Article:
The parties have presented two separate questions. First, is the Secretary under a duty to engage in formal, "notice and comment" rulemaking to establish standards for the determination of "good cause" for changes in the time and place of hearings before administrative law judges? Second, is the Secretary under a duty to promulgate such regulations regarding the payment of travel expenses pursuant to 42 U.S.C. § 401(j) and 1383(h)?

"Good Cause"

The statutory right to a hearing before an administrative law judge after denial of an application for disability or supplemental income benefits is granted in 42 U.S.C. § 405(b) and 42 U.S.C. § 1383(c)(1). The Secretary's administrative regulations governing such hearings are codified in 20 C.F.R. § 404.900 et seq. and 20 C.F.R. § 416.1429 et seq. Those regulations include a provision for a change in the time and place for a scheduled hearing upon a showing of "good cause." 20 C.F.R. § 404.936; 20 C.F.R. § 416.1400. In practice, the administrative law judges have applied this regulation in a manner which has failed to consider the specific circumstances of individual claimants. The plaintiffs contend that this constitutes "arbitrary" agency action which denies the statutory right to a hearing and which infringes the constitutional right to due process of law.

An administrative agency is not required to promulgate detailed rules interpreting every statutory provision which may be relevant to its actions. West v. Chafee, 560 F.2d 942, 947 (8th Cir.1977). See also American Power & Light Co. v. SEC, 329 U.S. 90, 67 S.Ct. 133, 91 L.Ed. 103 (1946); SEC v. Chenery Corp., 332 U.S. 194, 67 S.Ct. 1575, 1760, 91 L.Ed. 1995 (1947). As a general rule, the choice between rulemaking and case-by-case adjudication "is one that lies primarily in the informed discretion of the administrative agency." SEC v. Chenery Corp., supra, at 203, 67 S.Ct. at 1580. See also Nueces County Nav. Dist. No. 1 v. ICC, 674 F.2d 1055, 1065 (5th Cir.1982), cert. denied, ___ U.S. ___, 103 S.Ct. 446, 74 L.Ed.2d 601 (1982); NLRB v. American Can Co., 658 F.2d 746, 758 (10th Cir.1981).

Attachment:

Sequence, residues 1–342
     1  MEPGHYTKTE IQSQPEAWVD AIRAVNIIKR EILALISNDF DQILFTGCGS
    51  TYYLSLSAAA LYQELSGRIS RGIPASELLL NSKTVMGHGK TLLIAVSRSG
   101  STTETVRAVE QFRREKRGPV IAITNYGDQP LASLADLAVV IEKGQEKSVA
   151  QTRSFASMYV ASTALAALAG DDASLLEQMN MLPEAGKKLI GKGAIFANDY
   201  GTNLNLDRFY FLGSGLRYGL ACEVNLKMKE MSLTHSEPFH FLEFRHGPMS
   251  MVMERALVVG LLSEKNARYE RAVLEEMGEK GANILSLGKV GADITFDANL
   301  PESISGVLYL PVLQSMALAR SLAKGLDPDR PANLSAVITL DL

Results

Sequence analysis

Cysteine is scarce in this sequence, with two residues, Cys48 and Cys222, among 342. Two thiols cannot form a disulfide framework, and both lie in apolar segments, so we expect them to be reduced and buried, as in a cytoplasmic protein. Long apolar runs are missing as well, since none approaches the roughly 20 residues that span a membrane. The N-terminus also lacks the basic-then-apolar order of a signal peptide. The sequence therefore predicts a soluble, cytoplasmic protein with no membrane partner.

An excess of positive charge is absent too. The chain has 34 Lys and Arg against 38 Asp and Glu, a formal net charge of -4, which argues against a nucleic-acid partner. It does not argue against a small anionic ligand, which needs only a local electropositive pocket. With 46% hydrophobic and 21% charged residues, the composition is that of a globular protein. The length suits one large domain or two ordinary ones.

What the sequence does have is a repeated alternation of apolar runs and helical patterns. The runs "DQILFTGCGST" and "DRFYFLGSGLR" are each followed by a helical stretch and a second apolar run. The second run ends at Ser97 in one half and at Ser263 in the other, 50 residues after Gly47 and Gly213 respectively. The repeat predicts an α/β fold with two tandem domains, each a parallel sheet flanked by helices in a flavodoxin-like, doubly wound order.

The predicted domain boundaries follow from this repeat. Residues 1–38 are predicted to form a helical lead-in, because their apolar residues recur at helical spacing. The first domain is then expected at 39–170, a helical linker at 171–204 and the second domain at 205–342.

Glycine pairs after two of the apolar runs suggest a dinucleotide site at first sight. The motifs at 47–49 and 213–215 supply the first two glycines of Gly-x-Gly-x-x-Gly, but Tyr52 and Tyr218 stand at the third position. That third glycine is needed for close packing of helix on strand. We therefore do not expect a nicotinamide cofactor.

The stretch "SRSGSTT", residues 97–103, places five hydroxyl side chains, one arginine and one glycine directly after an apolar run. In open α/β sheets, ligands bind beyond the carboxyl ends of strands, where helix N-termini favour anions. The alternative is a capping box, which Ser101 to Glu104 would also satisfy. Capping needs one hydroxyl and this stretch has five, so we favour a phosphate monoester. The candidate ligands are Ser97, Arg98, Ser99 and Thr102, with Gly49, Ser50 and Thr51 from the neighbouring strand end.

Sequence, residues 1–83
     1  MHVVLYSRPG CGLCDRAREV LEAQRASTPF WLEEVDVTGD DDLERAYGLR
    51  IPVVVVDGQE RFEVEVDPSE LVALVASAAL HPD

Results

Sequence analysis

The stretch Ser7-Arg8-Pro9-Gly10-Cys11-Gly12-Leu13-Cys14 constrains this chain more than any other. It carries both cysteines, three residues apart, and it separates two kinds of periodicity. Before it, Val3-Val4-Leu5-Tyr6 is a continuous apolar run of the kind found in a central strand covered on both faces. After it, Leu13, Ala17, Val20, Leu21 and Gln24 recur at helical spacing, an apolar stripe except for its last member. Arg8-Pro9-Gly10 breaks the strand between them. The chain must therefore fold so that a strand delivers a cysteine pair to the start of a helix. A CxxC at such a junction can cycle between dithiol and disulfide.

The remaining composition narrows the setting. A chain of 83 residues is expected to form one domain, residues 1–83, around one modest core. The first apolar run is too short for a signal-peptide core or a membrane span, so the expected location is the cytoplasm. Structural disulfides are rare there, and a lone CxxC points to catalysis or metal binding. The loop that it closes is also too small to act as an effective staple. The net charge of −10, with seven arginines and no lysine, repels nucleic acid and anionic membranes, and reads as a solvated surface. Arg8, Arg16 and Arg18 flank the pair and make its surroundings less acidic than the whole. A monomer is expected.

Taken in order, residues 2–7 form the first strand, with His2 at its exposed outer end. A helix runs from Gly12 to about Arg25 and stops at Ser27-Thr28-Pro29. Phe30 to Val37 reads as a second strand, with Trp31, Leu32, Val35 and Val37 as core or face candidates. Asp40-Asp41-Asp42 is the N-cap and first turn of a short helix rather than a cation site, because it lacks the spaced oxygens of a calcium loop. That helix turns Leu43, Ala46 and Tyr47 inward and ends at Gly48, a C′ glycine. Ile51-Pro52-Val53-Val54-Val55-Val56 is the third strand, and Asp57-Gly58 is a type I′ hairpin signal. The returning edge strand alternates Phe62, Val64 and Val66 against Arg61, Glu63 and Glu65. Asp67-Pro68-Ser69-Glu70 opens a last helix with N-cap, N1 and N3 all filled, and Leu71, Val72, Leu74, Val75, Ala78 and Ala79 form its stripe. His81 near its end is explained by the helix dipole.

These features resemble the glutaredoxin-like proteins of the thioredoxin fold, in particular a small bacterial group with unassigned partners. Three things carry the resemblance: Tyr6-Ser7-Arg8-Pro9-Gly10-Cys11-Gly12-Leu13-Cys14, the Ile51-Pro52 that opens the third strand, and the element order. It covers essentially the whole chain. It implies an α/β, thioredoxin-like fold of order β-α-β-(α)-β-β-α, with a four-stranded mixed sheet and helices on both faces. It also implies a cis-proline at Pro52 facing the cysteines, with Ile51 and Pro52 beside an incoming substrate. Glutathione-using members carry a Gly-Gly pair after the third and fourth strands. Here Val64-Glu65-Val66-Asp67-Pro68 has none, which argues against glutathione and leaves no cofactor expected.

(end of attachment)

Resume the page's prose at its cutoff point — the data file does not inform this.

Section 405(a) of the Act, expressly made applicable to Title XVI by 42 U.S.C. § 1383(d)(1), provides:

The Secretary shall have full power and authority to make rules and regulations and to establish procedures, not inconsistent with the provisions of this title, which are necessary or appropriate to carry out such provisions, and shall adopt reasonable and proper rules and regulations to regulate and provide for the nature and extent of the proofs and evidence and the method of taking and furnishing the same in order to establish the right to benefits hereunder (emphasis added).

In this statute, Congress empowers the Secretary to issue rules and regulations, not inconsistent with the provisions of the Act, which are necessary or appropriate to implement the program of benefits and commands the Secretary to adopt rules and regulations establishing the necessary procedures for determining the right to benefits.

The setting of the time and place for a hearing before an...